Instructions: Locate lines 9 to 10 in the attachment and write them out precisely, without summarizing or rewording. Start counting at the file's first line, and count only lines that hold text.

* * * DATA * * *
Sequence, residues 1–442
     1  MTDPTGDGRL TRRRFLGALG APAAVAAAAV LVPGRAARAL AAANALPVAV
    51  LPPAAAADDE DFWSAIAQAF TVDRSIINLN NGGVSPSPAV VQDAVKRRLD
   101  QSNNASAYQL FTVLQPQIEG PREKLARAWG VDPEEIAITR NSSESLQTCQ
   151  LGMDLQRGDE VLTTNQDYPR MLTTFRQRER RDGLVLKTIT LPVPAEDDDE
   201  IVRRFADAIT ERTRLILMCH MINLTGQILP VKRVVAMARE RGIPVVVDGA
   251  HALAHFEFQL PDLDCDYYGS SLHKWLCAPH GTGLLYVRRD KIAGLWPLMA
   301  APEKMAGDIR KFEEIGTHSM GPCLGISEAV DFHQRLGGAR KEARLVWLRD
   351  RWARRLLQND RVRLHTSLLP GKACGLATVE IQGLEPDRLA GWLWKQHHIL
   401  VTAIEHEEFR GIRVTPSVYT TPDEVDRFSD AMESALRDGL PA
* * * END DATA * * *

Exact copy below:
   351  RWARRLLQND RVRLHTSLLP GKACGLATVE IQGLEPDRLA GWLWKQHHIL
   401  VTAIEHEEFR GIRVTPSVYT TPDEVDRFSD AMESALRDGL PA